the appropriate subpart of this part; and
    (vii) That the nonconfidential portions of the application are on
file in the regional office and are available for public inspection
during regular business hours; photocopies of the nonconfidential
portion of the application file will be made available upon request.
    (2) The requirements of paragraphs (c)(1)(iv) through (vii) of this
section may be satisfied through use of the following notice:

    Any person wishing to comment on this application may file his
or her comments in writing with the regional director (DOS) of the
Federal Deposit Insurance Corporation at its regional office [insert
address of regional office] not later than [insert closing date of
the public comment period specified in the appropriate subpart of
part 303]. The non-confidential portions of the application are on
file in the regional office and are available for public inspection
during regular business hours. Photocopies of the nonconfidential
portion of the application file will be made available upon request.

    (d) Multiple transactions. The FDIC may consider more than one
transaction, or a series of transactions, to be a single filing for
purposes of the publication requirements of this section. When
publishing a single public notice for multiple transactions, the
applicant shall explain in the public notice how the transactions are
related. The closing date of the comment period shall be the closing
date of the longest public comment period that applies to any of the
related transactions.
    (e) Joint public notices. For a transaction subject to public
notice requirements by the FDIC and another

[[Page 44717]]

federal or state banking authority, the FDIC will accept publication of
a single joint notice containing all the information required by both
the FDIC and the other federal agency or state banking authority,
provided that the notice states that comments must be submitted to the
FDIC and, if applicable, the other federal or state banking authority.
    (f) Where public notice is required, the FDIC may determine on a
case-by-case basis that unusual circumstances surrounding a particular
filing warrant modification of the publication requirements.

Sec. 303.8  Public access to filing.

    (a) General. For filings subject to a public notice requirement,
any person may inspect or request a copy of the non-confidential
portions of a filing (the public file) until 180 days following final
disposition of a filing. Following the 180-day period, non-confidential
portions of an application file will be made available in accordance
with paragraph (c) of this section. The public file generally consists
of portions of the filing, supporting data, supplementary information,
and comments submitted by interested persons (if any) to the extent
that the documents have not been afforded confidential treatment. To
view or request photocopies of the public file, an oral or written
request should be submitted to the appropriate regional director (DOS).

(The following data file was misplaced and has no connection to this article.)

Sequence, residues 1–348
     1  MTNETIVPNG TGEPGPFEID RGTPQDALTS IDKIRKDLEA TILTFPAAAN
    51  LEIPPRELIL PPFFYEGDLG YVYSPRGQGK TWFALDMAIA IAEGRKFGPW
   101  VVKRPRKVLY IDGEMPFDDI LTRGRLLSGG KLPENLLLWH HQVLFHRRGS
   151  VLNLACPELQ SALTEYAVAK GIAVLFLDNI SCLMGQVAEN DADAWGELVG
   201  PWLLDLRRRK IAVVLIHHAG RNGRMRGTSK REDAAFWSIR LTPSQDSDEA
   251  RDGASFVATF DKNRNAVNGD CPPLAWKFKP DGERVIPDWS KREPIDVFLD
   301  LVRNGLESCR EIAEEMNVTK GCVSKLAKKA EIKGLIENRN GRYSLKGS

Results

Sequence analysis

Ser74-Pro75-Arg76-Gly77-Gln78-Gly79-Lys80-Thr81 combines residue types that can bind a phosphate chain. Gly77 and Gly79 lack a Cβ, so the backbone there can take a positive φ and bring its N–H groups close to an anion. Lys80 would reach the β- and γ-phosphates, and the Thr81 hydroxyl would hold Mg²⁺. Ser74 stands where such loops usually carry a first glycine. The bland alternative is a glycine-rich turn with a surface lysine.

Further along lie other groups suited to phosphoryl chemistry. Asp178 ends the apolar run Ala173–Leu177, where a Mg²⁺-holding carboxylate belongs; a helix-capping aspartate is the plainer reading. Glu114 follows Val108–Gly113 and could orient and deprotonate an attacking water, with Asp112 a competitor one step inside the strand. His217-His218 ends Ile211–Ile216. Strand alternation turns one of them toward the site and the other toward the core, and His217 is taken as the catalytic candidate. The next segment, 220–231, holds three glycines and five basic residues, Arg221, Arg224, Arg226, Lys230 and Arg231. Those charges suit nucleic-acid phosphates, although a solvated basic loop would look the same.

The public file will be produced for review not more than one business
day after receipt by the regional office of the request (either written
or oral) to see the file. The FDIC may impose a fee for photocopying in
accordance with Sec. 309.5(c) of this chapter at the rates the FDIC
publishes annually in the Federal Register.
    (b) Confidential treatment. (1) The applicant may request that
specific information be treated as confidential. The following
information generally is considered confidential:
    (i) Personal information, the release of which would constitute a
clearly unwarranted invasion of privacy;
    (ii) Commercial or financial information, the disclosure of which
could result in substantial competitive harm to the submitter; and
    (iii) Information, the disclosure of which could seriously affect
the financial condition of any depository institution.
    (2) If an applicant requests confidential treatment for information
that the FDIC does not consider to be confidential, the FDIC may
include that information in the public file after notifying the
applicant. On its own initiative, the FDIC may determine that certain
information should be treated as confidential and withhold that
information from the public file.
    (c) FOIA requests. A written request for information withheld from
the public file, or copies of the public file following closure of the
file 180 days after final disposition, should be submitted pursuant to
the Freedom of Information Act (5 U.S.C. 552) and part 309 of this
chapter to the FDIC, Office of the Executive Secretary, 550 17th
Street, N.W., Washington, D.C. 20429.

Sec. 303.9  Comments.

    (a) Submission of comments. For filings subject to a public notice
requirement, any person may submit comments to the appropriate FDIC
regional director (DOS) during the comment period.
    (b) Comment period--(1) General. Consult appropriate subparts of
this part for the comment period applicable to a particular filing.
    (2) Extension. The appropriate regional director or deputy regional
director (DOS) may extend or reopen the comment period if:
    (i) The applicant fails to file all required information on a
timely basis to permit review by the public or makes a request for
confidential treatment not granted by the FDIC that delays the public
availability of that information;
    (ii) Any person requesting an extension of time satisfactorily
demonstrates to the FDIC that additional time is necessary to develop
factual information that the FDIC determines may materially affect the
application; or
    (iii) The appropriate regional director or deputy regional director